Saturday 18 February 2017

Anand's The Book of Destruction

A few thoughts on Anand’s The Book of Destruction, in no particular order:
  • Anand is the pen name of P. Sachidanandan, a modernist writer from Kerala. A previous book of his, “Govardhan’s Travels”, has also been translated a few years back. The Book Of Destruction - originally called Samharathinte Pusthakam - is a short book of less than 200 pages. The translation is published without long analyses, introductions, afterwords and so on - just the text, speaking to you the reader directly. Just the way I like it. 
  • Anand is well known for being crisp and to the point - and correspondingly, his books are dense and complex. You need to work at them. He’s also supposed to be an intellectual. All these things really show in this book. Doesn’t mean it’s any less interesting, though. 
  • The Book of Destruction is divided into three “stories”, although they’re really all interconnected, and have the same narrator. The first talks of the narrator’s encounter with a Thug (the semi-mythical murderous clan of yore), in which the thug explains why he is not repelled by the idea of murder, rather, that his faith helps him see the inevitability of it. The second story has the narrator hear from an Assassin (again, a murderous cult), who explain that murder is not just a secretive thing, but needs to be publicized. And the third story veers off into an even more unsettling direction, where normal people are turned into murderers of a sort. Explained this way, the stories seem nicely linked but it takes some thought to come to that conclusion.
  • What I absorbed (as a reader) from this book is Anand’s thesis about religion: that it is the uniform tendency of religion to justify its adherents’ every misdeed - indeed, to insist that these murders, rapes, alienations, and downright genocides in the name of its ideals are essential. Note the word Samhaar in the original title - it's so much more evocative and specific than just "destruction". There are several parallels with Christianity in the last section, and hints towards other religions scattered here and there. But Anand never quite comes out and says he’s talking about organized religion, so you’re free to take off in a different direction if you need to.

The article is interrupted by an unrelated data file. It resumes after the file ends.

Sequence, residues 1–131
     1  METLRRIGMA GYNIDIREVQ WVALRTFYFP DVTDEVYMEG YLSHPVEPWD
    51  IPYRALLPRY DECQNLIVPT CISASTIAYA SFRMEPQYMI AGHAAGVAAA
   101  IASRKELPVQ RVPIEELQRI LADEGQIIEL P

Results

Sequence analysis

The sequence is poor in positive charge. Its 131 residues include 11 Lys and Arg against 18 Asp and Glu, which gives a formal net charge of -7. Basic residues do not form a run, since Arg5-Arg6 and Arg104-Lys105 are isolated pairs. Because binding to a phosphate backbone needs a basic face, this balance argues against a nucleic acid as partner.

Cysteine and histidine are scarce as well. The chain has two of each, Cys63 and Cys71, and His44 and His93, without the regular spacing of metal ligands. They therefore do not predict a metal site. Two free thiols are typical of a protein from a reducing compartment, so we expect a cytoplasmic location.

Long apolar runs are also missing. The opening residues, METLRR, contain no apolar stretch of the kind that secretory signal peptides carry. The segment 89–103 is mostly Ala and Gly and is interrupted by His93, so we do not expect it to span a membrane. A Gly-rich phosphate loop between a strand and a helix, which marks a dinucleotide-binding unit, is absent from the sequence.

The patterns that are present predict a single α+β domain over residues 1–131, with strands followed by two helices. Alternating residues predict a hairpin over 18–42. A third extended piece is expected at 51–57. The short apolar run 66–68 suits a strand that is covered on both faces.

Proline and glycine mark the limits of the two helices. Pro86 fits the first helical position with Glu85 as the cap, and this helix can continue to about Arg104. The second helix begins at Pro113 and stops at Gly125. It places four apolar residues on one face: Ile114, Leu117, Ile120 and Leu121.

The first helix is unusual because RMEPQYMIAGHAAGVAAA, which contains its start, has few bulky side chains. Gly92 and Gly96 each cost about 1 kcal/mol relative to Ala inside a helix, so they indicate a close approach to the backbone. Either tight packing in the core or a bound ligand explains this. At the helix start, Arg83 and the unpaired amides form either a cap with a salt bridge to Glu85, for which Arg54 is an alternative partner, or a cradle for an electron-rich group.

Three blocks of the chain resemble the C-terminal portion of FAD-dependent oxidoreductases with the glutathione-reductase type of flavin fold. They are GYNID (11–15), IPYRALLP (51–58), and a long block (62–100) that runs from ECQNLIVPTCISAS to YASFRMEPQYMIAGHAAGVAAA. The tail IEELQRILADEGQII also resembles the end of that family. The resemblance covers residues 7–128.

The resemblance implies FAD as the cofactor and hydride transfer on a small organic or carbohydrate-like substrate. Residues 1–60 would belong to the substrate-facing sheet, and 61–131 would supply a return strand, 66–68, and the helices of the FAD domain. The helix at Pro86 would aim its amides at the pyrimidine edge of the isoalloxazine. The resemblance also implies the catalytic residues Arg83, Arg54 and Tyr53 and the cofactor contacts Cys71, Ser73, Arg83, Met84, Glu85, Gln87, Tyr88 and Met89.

• DON’T read this book last thing in the night. It’s not comfortable bedside reading. And DON’T read it unless you’re willing to be disturbed and prodded into thinking for several days. But if you’re willing to put in that effort, The Book Of Destruction will meet you more than half way. 

Tuesday 7 February 2017

Sultan of Delhi, by Arnab Ray

A few thoughts on Arnab Ray’s “Sultan of Delhi”, in no particular order: 

  •  Sultan of Delhi is about Arjun Bhatia, a man who lost everything during the Partition, but who rose to become a political fixer and "behind-the-scenes" emperor of the Delhi scene. The writing is fast-paced, editing and vocabulary is good. You aren't "thrown out of the book" at any point by bad editing or weird writing. Considering Arnab Ray ( aka @greatbong) has been a popular blogger for decades and written books before, this is to be expected, but in the current scenario, it is a big relief.  
  • I am really happy to see that Ray shies away from cliches and similes that don’t fit the Indian context. This has been a grouse of mine for a long time (see, and though IWE has been growing spectacularly over the pasrt decade, I see few signs of the language being subverted to create something specific to the Indian style of speaking. But Sultan not only avoids the cliches, but also adds in Hindi phrases for colour. Thank you, Ray, for not using the British “arse” and sticking to gaand for your insults :).  
  • Plotwise, however, the storyline makes you lose interest about three-fourths of the way through. [SPOILERS FOLLOW FOR REST OF PARAGRAPH]. A character that the hero, Arjun, cares for, is introduced early on. He appears till about halfway through the book. Then he reappears 75% of the way through, as Arjun’s nemesis. Which immediately makes you think, was there a point to the bit in between, or was it inserted just so the first and last bits don’t touch each other? The bit in between is Arjun’s run-in with a powerful rival. It feel like filler in that there are no details of the juicy bits - just lots of “Arjun met every important person and bribed him to take his side.” A simple v-arc - straight down for half the plot and then straight upwards for the remaining.
  • The world created for the book - political fixers, corrupt cops, “bigade hue ladke” and so on, is excellent. I feel this is where Ray has done exceptionally well. Maybe it isn’t realistic, but it feels real and deep.

Summary: Excellent characters. Excellent writing. Plot wise, doesn’t feel like much new.